Hello fellow readers,
I visited Kathleen and Andrew in Summit and witnessed first-hand the strength of their dilemma literally devastating their deck. It wasn’t in bloom as yet and they admitted blooms have been few and far between. The wrist-thick woody vine climbing from the ground to their second story deck was strong and impressive. Indeed wisteria needs something beefy to climb onto as it can be destructive.
Wisteria is a genus of about ten species. Eight are Asian and include Japanese wisteria (Wisteria floribunda) and Chinese wisteria (Wisteria senensis). The barely fragrant American wisteria (Wisteria frutescens) is recommended as an alternative to the Asian species which are on the USDA list of invasive plants.
You’ve likely seen wisteria climbing in trees and when in bloom in May it’s a spectacular show. But it also can strangle even a large tree. Rather, it’s best to stand alone. A Wisteria tree is typically made by grafting a wisteria vine on top of a standard tree trunk.
Wisterias flower best where they receive at least 6 hours of full sun per day. They thrive in most types of soil as long as it’s well-drained in zones 5 to 9.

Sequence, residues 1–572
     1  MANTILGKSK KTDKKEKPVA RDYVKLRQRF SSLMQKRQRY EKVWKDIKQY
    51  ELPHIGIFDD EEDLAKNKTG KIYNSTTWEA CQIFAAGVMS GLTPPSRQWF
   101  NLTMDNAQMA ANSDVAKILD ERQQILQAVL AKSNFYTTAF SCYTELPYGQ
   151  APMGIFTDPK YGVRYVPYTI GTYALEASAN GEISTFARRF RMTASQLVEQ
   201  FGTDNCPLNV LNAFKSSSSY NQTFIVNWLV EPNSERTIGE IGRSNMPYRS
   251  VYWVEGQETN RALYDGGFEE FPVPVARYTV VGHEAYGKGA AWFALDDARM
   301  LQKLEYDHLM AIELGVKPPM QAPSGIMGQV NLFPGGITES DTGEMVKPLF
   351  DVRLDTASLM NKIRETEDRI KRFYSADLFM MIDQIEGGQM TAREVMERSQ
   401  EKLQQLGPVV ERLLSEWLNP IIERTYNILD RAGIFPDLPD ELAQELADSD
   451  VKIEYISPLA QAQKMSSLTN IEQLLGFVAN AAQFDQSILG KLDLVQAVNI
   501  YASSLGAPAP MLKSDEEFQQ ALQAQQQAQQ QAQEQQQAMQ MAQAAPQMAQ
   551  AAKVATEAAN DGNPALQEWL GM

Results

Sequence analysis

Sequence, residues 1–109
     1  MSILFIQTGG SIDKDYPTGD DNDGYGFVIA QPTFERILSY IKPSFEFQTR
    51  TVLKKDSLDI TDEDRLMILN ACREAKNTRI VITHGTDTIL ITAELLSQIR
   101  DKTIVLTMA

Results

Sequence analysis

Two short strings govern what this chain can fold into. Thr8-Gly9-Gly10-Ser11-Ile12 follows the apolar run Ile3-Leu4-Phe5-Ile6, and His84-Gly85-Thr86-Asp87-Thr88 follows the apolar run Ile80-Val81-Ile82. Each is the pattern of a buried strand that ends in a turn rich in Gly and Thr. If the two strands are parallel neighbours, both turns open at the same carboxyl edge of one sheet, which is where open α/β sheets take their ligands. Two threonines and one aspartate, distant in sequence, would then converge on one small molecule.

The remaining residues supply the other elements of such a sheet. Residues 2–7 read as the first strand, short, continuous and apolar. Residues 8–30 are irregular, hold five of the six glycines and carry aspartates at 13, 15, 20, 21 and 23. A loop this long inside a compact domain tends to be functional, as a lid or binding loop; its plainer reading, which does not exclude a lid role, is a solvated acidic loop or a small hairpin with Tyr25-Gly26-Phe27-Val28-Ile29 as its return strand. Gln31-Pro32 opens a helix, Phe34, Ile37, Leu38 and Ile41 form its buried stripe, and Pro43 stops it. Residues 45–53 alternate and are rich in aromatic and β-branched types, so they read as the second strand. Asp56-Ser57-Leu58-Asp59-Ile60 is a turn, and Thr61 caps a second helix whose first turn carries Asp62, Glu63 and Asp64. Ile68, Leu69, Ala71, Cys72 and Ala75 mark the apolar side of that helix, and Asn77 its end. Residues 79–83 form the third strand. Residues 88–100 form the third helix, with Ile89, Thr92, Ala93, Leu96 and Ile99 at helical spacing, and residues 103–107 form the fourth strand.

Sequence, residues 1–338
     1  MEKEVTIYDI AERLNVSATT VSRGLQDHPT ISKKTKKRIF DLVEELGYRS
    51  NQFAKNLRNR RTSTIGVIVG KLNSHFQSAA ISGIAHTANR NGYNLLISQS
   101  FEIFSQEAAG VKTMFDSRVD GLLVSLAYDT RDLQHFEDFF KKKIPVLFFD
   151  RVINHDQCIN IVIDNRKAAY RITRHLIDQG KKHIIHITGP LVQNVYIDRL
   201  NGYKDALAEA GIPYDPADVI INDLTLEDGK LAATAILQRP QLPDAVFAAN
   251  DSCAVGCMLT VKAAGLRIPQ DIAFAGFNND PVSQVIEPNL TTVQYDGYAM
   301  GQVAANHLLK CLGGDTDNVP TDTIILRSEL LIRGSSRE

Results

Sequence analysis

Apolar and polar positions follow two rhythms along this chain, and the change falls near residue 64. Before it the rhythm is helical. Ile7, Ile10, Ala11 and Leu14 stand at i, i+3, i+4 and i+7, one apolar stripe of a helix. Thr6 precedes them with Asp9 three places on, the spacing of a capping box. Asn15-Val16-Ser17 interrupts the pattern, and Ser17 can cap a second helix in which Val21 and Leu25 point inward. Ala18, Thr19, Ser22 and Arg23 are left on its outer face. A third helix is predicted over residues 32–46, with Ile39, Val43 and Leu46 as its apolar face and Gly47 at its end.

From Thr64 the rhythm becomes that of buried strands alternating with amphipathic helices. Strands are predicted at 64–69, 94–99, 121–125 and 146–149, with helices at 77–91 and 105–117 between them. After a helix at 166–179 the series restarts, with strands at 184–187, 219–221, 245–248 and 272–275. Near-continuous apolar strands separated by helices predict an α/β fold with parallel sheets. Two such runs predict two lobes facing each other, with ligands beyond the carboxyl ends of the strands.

The first year after planting, they need at least one inch of water per week to speed establishment. Once established, water sparingly. They require little if any fertilizing. In fact, a reason for failure to bloom can be excessive fertilizer particularly nitrogen. Wisteria can also be reluctant to bloom because it has not reached maturity. It can take six or more years for a newly established plant to start flowering.
Pruning is the other secret to good flowering. In late winter remove at least half of the prior year’s growth, leaving just a few buds per stem. If you want a more formal appearance, prune again during summer after flowering. They say for even more blooms, cut back the rampant shoots every two weeks during the summer.
Not to worry if you give your wisteria a bad haircut as they are very forgiving. And next seasons rambling growth will give you a second chance.
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